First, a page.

Measures being adopted by MovePlan’s clients include travel plans to operate staggered start times; moving to a paperless or paper-light office to declutter and create space; running virtual tours to show staff around a new building; or offering virtual packing sessions ahead of a relocation.

“It’s important to engage with staff, find out what’s been a good experience for them. But most importantly, have a flexible plan.”

— Siobhan Byrnes

What are the future plans for bank NatWest as they navigate the next steps?

Next to speak was NatWest’s Andy, who described the next year ahead as an “experiment”, explaining: “We are going to get some things right and we are going to get some things not right so we will have to tweak things.”

NatWest has already announced that it expects just 13% of its employees to work from the office on a full-time basis, even after the UK government’s work-at-home orders are lifted. Andy told delegates at the virtual conference that just 5% of its workforce has been identified as needing to be in the office full-time. Prior to Covid, approximately 35% of the bank took advantage of some type of hybrid flexible working and early estimates are that this will grow substantially over the next year.  NatWest anticipates that by November this year, more than half of its workforce could be working remotely.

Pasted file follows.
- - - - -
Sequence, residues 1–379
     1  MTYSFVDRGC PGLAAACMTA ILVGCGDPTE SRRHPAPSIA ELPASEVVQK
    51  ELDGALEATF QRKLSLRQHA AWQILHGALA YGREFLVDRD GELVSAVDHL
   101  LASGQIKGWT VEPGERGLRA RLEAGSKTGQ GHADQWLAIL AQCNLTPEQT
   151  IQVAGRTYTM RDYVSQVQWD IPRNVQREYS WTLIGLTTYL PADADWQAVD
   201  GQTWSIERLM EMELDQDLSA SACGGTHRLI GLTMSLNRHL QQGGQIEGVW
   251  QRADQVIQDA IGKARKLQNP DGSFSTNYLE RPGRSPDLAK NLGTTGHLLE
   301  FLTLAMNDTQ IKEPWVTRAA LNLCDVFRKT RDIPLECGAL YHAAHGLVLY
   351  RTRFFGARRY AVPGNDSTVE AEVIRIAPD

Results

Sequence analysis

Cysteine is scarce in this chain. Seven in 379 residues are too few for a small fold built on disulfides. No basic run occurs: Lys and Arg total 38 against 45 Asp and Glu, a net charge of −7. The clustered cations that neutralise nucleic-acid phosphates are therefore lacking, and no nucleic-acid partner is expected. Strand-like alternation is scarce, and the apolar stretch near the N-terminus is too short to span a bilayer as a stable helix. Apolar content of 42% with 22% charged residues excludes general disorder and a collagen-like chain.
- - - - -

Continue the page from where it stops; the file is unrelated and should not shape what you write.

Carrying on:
However, office space will remain for people to work together, with the bank moving away from desks with fixed technology and desktop phones and introducing a higher percentage of collaboration and social space for all colleagues.

“There’s an urgency and willingness to getting back to meeting people in person.”

— Andy McBain

“A lot of people when they return to the office it will be about collaboration and working in a team,” explained Andy, adding: “There’s an urgency and willingness to getting back to meeting people in person. Everyone’s diaries are busy with meetings but there’s a desire to get round a table and have a cup of coffee.”